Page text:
Growing up attending a bunhead ballet school meant that you probably had the usual suspects of characters traipsing around the hallways and studios of the school with a 32-count piano soundtrack perpetually playing in the background. For me, I had the eccentric, international male teacher (German), the Balanchine muse ballet master (Allegra Kent), the students who were deeply passionate about ballet, the students whose parents were more in love with the art form than their own little darlings, the ballet beauty, the adolescent boy who everyone swooned over, the outcast, the rising star - we had them all. And to my knowledge, every ballet school has these list of characters - without them, ballet life as we know it would be boring and a non-sequetor. Director Bess Kargman's First Position, the critically acclaimed and award-winning documentary film that follows the journey of six young dancers through their hardships in competing in the Youth America Grand Prix, was released in theaters last week. I was giddy with anticipation as the trailers played on in the Elinor Bunin Munroe Film Center of Lincoln Center, waiting for the main attraction to begin. And as the story unfolded, all of my childhood ballet school characters made their film debut, reminding me that the crazy life of dance is universal. The talent that graces the screen during the film is extraordinary, especially when considering how young all of these dancers are. At the Youth America Grand Prix, the younger age groups are competing for awards of prestige and recognition while the older students are vying for scholarships to world-renowned ballet conservatories and contracts with professional ballet companies; this is a make-it-or-break-it moment for a lot of the participants. Some of my favorite characters in the film include the overbearing, Japanese mother whose actions borderline child-abuse (sounds morbid but it is hysterical); the flamboyant, French ballet teacher of the youngest dancer, Aran, whose crazy antics and outrageous outbursts remind me of my own beloved ballet teacher; and of course, the young and transformingly mature dancer from Israel, Gaya Bommer Yemini, who is actually a secondary character not originally included as one of the main six to be documented. In my opinion, Gaya is probably the most talented as a performer - not only is her dancing ability stellar for an 11-year old, but she embodies each character in every one of her dance pieces that she performs. You see the metamorphosis from the wings to the moment she sets foot on stage, becoming Coppélia in an instant.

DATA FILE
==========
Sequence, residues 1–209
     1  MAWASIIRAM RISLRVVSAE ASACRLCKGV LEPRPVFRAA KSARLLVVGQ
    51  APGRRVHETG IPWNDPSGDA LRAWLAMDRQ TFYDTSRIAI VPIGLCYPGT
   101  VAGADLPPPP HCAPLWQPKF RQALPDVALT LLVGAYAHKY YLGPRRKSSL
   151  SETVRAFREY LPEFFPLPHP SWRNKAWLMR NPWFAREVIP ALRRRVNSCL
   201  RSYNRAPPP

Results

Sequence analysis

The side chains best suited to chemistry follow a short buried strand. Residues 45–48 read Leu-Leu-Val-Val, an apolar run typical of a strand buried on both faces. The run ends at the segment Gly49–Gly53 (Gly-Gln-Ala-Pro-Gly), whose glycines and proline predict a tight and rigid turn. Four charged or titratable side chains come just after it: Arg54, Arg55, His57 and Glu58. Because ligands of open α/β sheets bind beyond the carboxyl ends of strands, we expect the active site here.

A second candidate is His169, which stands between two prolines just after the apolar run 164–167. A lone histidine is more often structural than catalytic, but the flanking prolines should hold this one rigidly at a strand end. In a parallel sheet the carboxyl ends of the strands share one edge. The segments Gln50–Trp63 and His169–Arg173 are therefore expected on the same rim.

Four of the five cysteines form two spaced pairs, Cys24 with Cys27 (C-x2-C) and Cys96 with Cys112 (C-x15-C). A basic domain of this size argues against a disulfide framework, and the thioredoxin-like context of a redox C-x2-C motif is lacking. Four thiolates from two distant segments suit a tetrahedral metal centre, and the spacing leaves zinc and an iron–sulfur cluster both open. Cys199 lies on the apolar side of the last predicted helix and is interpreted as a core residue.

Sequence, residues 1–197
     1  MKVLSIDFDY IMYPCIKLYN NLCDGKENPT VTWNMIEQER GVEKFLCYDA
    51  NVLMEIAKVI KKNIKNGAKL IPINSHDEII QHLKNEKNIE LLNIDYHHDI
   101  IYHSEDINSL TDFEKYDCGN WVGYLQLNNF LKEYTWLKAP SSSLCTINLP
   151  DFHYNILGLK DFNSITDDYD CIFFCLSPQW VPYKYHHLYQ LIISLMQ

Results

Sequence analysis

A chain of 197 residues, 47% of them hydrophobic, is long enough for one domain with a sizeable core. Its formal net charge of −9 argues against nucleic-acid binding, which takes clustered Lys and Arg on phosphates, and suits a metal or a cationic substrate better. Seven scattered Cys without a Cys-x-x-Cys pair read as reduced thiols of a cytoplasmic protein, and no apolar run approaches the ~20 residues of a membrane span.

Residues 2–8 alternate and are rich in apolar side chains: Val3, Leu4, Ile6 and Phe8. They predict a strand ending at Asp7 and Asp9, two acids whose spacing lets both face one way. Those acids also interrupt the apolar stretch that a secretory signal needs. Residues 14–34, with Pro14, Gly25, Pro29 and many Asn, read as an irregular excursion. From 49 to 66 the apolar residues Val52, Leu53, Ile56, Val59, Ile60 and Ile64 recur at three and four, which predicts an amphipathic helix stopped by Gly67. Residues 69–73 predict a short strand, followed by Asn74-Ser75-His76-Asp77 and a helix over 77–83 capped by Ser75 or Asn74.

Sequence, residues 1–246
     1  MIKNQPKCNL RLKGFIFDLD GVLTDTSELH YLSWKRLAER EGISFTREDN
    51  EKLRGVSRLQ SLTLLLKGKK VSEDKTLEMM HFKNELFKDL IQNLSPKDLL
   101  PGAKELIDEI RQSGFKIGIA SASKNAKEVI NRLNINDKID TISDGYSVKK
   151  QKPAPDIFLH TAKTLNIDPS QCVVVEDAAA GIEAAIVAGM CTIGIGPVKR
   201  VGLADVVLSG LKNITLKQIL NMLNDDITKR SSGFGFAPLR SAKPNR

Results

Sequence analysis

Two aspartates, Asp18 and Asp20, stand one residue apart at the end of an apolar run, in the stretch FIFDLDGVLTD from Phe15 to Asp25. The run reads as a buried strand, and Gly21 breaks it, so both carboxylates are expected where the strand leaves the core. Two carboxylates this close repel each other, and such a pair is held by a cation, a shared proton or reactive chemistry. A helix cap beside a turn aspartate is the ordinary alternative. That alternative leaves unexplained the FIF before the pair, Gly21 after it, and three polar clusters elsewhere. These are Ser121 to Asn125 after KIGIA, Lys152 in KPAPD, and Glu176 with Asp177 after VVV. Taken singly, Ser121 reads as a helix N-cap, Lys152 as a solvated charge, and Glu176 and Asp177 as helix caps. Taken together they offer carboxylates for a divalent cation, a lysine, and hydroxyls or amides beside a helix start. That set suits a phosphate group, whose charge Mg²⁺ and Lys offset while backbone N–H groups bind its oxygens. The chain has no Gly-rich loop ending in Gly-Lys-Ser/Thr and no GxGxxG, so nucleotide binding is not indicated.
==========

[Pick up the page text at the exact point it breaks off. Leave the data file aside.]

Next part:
This film is a must see for dancers and non-dancers alike, with heartwarming stories, humor, drama, passion, and of course beautiful dance. What these kids go through to pursue their life-long dream is inspiring and gut-wrenching, never making a dull moment in the 90 minute long story. You make a connection with these characters, and as I left the theater, I felt a sense of pride on behalf of the dancers, representing the world of ballet in such a positive and beautiful way.
THE BARE FEET FIVE: 1. Showtimes: First Position is in theaters now - for showtimes and locations, check your local listings on Google! 2. Lincoln Center: The Film Society at Lincoln Center has screenings of fantastic films all year long, held at the Elinor Bunin Munroe Film Center. Be sure to check out some upcoming shows, including great screenings for kids! 3. Alvin Ailey: Joan Sebastian Zamora, a Colombian dancer featured in the film, is shown taking classes at the Alvin Ailey American Dance Theater. Weekly classes are offered for children and adults, as well as a full curriculum for the young professional dancer in training. Go to AlvinAiley.org for more information. 4. Dress like a dancer: Want to sport some of the outfits that the ballerinas have? On Stage Dancewear has everything you need including skirts, tights, leotard, and shoes! Mention our blog and you get a 15% discount! 5. Foot stretch: What looked like a torture device used by young dancer Aran Bell, the Ballet Foot Stretch® is a foot-stretching apparatus that has been helping dancers re-shape and extend their pointe. To order, go to FootStretch.com.